How much do you need daily?
Adults need 700 milligrams of calcium per day. You should be able to get all the calcium you need from your daily diet.
The government recommends the following intakes
|Age||Amount of calcium recommended
(milligrams per day)
|During pregnancy||No increase required|
Are we getting enough?
The 2017 National Diet and Nutrition Survey found that average daily intakes of calcium from food were above the recommended level for most people except teenagers aged 11 to 18 years (for whom average intakes were 84 to 89 per cent of the recommended amount for girls and boys respectively). Furthermore, among teenagers and women, a large number are falling short of the target (19 per cent of girls and eight per cent of boys aged 11 to 18 years, and eight per cent of women aged 19 to 64).
Why do we need it??
We associate calcium with bones and rightly so. But calcium has other functions too – it’s important for muscle function, nerve transmission, signalling within cells and hormone formation.
Calcium is a building block for bones and they contain 99 per cent of the total calcium in your body. But calcium can only build bones properly if your body has enough vitamin D. So even if you eat plenty of calcium, it could go to waste if you don’t get enough vitamin D.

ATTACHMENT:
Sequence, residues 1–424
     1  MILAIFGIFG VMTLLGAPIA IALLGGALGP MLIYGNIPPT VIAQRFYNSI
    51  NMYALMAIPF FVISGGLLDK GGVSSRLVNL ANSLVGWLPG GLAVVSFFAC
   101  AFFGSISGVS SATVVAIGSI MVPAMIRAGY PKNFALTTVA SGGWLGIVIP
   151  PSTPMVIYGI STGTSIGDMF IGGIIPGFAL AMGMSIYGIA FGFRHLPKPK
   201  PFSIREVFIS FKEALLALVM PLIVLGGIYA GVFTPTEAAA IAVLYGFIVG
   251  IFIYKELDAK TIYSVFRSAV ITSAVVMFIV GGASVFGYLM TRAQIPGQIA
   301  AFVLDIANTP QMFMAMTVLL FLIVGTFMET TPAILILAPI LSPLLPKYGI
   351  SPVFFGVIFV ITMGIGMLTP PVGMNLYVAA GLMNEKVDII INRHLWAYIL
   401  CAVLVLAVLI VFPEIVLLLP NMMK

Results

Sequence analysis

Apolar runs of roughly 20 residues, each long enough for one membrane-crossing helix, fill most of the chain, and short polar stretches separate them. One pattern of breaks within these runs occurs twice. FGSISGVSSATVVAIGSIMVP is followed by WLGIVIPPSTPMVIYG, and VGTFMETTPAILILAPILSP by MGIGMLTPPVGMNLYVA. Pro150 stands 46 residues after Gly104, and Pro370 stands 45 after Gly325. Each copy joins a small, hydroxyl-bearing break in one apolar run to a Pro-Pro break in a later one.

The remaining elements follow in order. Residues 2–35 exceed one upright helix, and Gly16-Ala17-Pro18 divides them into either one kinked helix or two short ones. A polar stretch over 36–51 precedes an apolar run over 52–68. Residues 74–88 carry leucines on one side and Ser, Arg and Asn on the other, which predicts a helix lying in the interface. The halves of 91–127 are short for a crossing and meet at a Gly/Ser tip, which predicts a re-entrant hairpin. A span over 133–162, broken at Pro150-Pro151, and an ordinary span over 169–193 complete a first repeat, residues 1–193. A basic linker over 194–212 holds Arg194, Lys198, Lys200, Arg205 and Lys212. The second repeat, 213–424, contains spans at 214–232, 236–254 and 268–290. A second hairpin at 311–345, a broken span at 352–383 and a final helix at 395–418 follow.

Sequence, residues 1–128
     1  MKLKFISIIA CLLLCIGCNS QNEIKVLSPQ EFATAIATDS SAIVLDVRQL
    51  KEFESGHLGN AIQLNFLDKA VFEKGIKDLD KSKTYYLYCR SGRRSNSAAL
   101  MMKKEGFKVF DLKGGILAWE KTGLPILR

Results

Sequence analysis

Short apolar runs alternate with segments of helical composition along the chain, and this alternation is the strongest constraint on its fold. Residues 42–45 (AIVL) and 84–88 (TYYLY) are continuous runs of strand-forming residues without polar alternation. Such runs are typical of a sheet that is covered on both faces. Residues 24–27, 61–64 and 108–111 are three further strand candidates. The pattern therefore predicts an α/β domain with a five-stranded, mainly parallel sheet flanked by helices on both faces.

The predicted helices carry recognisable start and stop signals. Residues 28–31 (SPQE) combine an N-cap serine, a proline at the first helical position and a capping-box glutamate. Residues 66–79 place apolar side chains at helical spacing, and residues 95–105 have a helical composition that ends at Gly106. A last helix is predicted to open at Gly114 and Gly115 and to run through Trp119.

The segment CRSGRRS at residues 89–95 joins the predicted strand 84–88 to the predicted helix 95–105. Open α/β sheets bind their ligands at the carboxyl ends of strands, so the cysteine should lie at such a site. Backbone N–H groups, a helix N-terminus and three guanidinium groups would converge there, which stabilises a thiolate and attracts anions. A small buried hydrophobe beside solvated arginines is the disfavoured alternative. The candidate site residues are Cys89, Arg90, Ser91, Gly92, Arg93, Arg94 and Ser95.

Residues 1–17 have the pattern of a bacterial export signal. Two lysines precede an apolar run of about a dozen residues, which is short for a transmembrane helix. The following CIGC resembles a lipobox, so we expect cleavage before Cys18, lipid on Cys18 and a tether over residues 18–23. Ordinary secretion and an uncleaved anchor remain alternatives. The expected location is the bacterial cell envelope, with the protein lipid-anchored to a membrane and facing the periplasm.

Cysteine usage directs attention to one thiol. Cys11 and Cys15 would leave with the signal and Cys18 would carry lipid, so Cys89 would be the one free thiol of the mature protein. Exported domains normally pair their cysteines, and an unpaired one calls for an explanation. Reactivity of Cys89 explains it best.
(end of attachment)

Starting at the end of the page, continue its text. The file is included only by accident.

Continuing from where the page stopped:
Our bodies continually remove small amounts of calcium from our bones (which act as calcium reservoirs) and replace it with new calcium. This is called bone remodelling, whereby calcium is removed from the skeleton (bone resorption) and new bone tissue is formed (ossification).
Therefore, we need a regular, sufficient intake of calcium but it’s highly questionable whether calcium intakes above the minimum amount required by the body can offer any benefit at all. Indeed, excessive calcium intakes (from dairy products and supplements), can even increase the risk of fractures and some of the calcium may be deposited in other tissues (eg kidneys) which can eventually cause problems such as kidney stones. Once intake surpasses 2,000 milligrams per day, the risk of harm increases.
Do I need a supplement?
No, a healthy vegan diet containing the foods listed below on a daily basis will cover your calcium needs.
The best plant sources
The best plant sources of calcium are: tofu (made with calcium sulphate), fortified vegan breakfast cereal (Ready Brek), plant-based milk alternatives fortified with calcium, dried figs, kale, sesame seeds and tahini (sesame seed paste), tempeh (fermented soya beans), wholemeal bread, baked beans, butternut squash, almonds and Brazil nuts, spring greens and watercress.
While spinach, chard and beet greens contains a relatively high amount of calcium, they also contain a substance called oxalate which hinders calcium absorption. It is better to obtain calcium from low-oxalate green vegetables like kale, broccoli and bok choy. The calcium in these is absorbed about twice as well as the calcium in milk. They also contain fibre, folate, iron and antioxidants, some of the very nutrients lacking in dairy.
Signs of deficiency
Muscle spasms or cramps, confusion, fainting, numbness and tingling in hands, feet and face, brittle nails, fragile bones, tooth decay and tiredness.